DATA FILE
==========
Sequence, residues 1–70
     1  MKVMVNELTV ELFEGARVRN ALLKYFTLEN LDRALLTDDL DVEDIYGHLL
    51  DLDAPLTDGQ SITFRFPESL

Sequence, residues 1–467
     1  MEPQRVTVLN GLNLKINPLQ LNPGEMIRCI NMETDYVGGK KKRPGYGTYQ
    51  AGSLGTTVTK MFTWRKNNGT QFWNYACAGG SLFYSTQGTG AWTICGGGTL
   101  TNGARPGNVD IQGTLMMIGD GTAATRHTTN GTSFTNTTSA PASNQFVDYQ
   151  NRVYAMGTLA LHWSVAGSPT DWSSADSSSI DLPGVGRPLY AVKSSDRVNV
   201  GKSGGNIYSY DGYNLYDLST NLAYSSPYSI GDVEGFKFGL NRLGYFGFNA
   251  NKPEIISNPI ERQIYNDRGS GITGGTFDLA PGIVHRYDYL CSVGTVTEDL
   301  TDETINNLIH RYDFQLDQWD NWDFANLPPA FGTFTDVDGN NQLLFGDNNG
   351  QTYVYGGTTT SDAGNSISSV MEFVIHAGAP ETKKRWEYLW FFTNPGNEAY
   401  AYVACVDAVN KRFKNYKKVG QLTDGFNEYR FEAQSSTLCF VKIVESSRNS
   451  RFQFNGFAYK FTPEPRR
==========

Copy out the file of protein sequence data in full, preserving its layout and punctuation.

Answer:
Sequence, residues 1–70
     1  MKVMVNELTV ELFEGARVRN ALLKYFTLEN LDRALLTDDL DVEDIYGHLL
    51  DLDAPLTDGQ SITFRFPESL

Sequence, residues 1–467
     1  MEPQRVTVLN GLNLKINPLQ LNPGEMIRCI NMETDYVGGK KKRPGYGTYQ
    51  AGSLGTTVTK MFTWRKNNGT QFWNYACAGG SLFYSTQGTG AWTICGGGTL
   101  TNGARPGNVD IQGTLMMIGD GTAATRHTTN GTSFTNTTSA PASNQFVDYQ
   151  NRVYAMGTLA LHWSVAGSPT DWSSADSSSI DLPGVGRPLY AVKSSDRVNV
   201  GKSGGNIYSY DGYNLYDLST NLAYSSPYSI GDVEGFKFGL NRLGYFGFNA
   251  NKPEIISNPI ERQIYNDRGS GITGGTFDLA PGIVHRYDYL CSVGTVTEDL
   301  TDETINNLIH RYDFQLDQWD NWDFANLPPA FGTFTDVDGN NQLLFGDNNG
   351  QTYVYGGTTT SDAGNSISSV MEFVIHAGAP ETKKRWEYLW FFTNPGNEAY
   401  AYVACVDAVN KRFKNYKKVG QLTDGFNEYR FEAQSSTLCF VKIVESSRNS
   451  RFQFNGFAYK FTPEPRR